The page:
Even when saguaro cacti grow in their normal form, they rarely grow symmetrically. Saguaros sometimes grow in odd or misshapen forms. The growing tip occasionally produces a fan-like form which is referred to as crested or cristate. Though these crested saguaros are somewhat rare, over 25 have been found within the boundaries of the park. Biologists disagree as to why some saguaros grow in this unusual form. Some speculate that it is a genetic mutation. Others say it is the result of a lightning strike or freeze damage. At this point we simply do not know what causes this rare, crested form.
Amazing! Bizarre! Wild and Crazy! Get the drift...?
It doesn't get much better than this!
Here we go again... I think Betsy must have thought she heard running water and so started shedding her clothes. But there would be no skinny-dippin' today.
This is one of the reasons many folks hike the Yetman trail - to see the ruins of the Bowen House.
The Bowen House is located just off of the David Yetman Trail in the Tucson Mountains. Sherry Bowen, a typesetter and later city editor for the Arizona Daily Star, built it of native stone in the early 1930s. The Bowens had lived in Rockford, Illinois but moved to Tucson in the late twenties with the hope that the change in climate would help Ruby Bowen's serious heart condition. The Bowens first lived in Tucson but soon decided to homestead in the Tucson Mountains. They moved to the homestead in 1931 and lived in a cabin while the house was being built. The Bowens eventually expanded their claim to 2000 acres.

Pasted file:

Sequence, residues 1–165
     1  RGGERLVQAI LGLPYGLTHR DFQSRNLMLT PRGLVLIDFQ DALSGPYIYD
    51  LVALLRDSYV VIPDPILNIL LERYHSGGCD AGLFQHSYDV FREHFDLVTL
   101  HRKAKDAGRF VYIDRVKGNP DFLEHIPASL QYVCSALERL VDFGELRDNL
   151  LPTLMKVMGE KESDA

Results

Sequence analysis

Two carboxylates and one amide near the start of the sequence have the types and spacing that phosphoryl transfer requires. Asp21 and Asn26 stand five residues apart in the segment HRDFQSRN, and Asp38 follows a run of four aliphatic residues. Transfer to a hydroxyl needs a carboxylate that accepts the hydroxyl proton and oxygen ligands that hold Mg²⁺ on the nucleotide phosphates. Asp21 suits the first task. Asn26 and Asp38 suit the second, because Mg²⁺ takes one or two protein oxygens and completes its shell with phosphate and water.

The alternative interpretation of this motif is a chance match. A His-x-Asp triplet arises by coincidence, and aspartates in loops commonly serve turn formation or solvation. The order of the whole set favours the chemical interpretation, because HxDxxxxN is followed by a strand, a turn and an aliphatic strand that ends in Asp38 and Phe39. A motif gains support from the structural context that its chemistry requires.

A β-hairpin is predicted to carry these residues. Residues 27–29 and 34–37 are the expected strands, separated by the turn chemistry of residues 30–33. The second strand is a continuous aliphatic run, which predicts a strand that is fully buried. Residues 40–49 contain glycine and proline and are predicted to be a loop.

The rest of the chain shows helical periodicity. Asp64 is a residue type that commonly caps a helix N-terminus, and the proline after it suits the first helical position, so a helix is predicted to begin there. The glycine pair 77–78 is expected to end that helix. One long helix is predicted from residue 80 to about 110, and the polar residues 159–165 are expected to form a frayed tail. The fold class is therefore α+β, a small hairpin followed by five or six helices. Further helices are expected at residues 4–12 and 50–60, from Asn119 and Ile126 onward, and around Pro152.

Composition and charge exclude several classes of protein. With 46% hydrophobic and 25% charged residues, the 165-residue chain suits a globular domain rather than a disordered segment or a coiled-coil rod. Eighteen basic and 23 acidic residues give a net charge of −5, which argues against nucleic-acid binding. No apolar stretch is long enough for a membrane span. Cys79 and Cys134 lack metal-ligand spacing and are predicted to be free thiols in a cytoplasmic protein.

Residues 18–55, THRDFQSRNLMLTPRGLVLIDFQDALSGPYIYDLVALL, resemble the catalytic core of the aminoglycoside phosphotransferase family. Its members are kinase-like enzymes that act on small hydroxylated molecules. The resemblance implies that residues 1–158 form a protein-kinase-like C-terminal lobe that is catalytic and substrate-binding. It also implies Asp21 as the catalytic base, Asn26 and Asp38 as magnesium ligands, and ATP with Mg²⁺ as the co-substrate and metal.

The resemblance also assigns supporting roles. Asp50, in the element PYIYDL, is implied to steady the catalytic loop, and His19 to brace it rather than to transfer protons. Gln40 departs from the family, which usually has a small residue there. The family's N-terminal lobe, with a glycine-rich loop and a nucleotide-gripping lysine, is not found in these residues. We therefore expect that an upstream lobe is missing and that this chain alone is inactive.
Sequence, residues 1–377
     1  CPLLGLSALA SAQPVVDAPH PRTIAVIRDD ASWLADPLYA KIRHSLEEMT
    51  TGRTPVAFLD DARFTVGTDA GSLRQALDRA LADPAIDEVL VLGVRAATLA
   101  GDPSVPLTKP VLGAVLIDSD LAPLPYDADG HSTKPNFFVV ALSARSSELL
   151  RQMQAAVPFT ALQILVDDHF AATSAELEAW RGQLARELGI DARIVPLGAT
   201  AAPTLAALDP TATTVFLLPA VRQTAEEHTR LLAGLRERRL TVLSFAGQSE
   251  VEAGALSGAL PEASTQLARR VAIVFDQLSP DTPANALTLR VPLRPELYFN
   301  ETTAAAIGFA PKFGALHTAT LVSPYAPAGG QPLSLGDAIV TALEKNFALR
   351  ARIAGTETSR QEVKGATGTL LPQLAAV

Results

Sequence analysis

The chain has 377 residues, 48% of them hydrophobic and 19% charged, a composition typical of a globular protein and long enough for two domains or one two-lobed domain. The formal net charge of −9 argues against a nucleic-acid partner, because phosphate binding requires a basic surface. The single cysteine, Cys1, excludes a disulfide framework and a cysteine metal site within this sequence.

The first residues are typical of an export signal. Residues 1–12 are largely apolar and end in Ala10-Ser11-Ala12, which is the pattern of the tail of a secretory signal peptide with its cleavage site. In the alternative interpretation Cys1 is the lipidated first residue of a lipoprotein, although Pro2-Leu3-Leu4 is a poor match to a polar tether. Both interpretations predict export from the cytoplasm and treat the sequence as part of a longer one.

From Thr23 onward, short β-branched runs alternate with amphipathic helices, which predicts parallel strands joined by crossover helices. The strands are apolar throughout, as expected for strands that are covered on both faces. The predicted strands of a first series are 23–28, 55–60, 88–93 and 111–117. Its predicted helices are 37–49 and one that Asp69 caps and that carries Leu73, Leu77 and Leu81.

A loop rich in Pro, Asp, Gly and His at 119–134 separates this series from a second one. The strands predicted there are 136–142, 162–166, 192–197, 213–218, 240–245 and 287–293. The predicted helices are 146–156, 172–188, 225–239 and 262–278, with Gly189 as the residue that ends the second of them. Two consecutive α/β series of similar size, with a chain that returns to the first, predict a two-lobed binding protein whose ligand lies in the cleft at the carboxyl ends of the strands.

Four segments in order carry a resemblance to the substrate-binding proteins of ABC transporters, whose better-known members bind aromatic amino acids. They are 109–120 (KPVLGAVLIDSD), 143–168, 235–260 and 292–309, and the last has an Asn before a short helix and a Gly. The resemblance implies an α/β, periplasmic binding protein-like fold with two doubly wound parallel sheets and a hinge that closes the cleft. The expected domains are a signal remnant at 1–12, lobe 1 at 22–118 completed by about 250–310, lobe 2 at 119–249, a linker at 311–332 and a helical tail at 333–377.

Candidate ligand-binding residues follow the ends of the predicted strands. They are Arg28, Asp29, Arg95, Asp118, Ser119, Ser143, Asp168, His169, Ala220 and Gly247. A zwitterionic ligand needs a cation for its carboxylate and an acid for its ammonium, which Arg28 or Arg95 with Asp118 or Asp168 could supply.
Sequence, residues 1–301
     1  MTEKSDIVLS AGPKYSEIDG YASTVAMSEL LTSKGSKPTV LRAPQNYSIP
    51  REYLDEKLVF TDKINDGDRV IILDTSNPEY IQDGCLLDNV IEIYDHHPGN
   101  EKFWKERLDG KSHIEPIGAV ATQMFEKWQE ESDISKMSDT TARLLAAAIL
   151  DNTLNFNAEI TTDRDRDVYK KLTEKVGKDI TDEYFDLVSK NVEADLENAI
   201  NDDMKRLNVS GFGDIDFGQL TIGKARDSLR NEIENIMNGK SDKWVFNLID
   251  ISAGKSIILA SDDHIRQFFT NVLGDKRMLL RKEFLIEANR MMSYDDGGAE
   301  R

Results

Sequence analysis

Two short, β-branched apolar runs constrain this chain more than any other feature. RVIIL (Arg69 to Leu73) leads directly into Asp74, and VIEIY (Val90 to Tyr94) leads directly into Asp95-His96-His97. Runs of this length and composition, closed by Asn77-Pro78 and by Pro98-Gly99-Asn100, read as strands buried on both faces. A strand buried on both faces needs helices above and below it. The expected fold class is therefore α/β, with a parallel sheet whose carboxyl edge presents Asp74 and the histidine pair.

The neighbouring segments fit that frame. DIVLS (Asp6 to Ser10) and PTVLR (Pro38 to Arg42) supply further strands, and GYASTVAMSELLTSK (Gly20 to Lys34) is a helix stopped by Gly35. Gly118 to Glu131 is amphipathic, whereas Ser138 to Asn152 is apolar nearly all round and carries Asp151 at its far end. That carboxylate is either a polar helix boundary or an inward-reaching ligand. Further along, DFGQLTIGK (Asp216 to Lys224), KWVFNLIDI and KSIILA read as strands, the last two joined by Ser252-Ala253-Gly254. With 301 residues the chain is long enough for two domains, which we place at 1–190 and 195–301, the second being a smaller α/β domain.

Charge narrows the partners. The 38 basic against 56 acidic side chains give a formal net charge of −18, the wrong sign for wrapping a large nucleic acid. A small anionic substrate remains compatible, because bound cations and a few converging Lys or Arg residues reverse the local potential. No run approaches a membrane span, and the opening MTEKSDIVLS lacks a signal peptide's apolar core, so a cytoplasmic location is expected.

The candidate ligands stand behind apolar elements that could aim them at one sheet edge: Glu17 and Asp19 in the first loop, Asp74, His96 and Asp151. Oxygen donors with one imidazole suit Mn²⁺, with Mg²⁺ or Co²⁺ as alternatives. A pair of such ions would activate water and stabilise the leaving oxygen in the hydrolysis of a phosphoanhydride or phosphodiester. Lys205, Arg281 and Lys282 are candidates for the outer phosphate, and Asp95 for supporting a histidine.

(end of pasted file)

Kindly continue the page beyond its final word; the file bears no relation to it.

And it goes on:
Ruby Bowen kept a diary of her first year in the Tucson Mountains. The diary makes several references to the wildlife that existed in the area including javelina, deer, wild horses and sheep that would come down from the cliffs every evening to graze in the valley. She even mentions a mountain lion that would come near the house when she was cooking meat and that one time attempted to get in a window.
The Bowens left Tucson in 1944 and moved to New York City where Sherry Bowen worked for the Associated Press. The valley and their homestead became part of Tucson Mountain Park in 1983.
Summary prepared from the Tucson Hiking Guide written by Betty Leavengood.
With window openings which let you look through the house you get a feeling for how much the Bowens wanted to bring the out-of-doors inside.
Talk about a room with a view. Heaven!
Look at the size of the window. Remember, this place was built in the 30s.
We were speculating as to whether they would have had actual glass windows or just shutters. But it seems steel framed windows were in common usage by then - surely they would have used them. After all, you would have to keep the winter cold out.
I pestered everyone to pose for me - except Roger. He was too busy doing the same thing I was. Imagine that!
The last shot of the day. Maureen said this looked like "Wabi-sabi". I told her she was goofy because that is something you put on sushi, not find out in the desert.
But good old WikiPedia set me straight.
The words wabi and sabi do not translate easily. Wabi originally referred to the loneliness of living in nature, remote from society; sabi meant "chill", "lean" or "withered". Around the 14th century these meanings began to change, taking on more positive connotations. Wabi now connotes rustic simplicity, freshness or quietness, and can be applied to both natural and human-made objects, or understated elegance.
It can also refer to quirks and anomalies arising from the process of construction, which add uniqueness and elegance to the object. Sabi is beauty or serenity that comes with age, when the life of the object and its impermanence are evidenced in its patina and wear, or in any visible repairs.
Great hike! My thanks to Miss Winky, Maureen, Bill and Roger for a fun time in the desert.
'Till next time...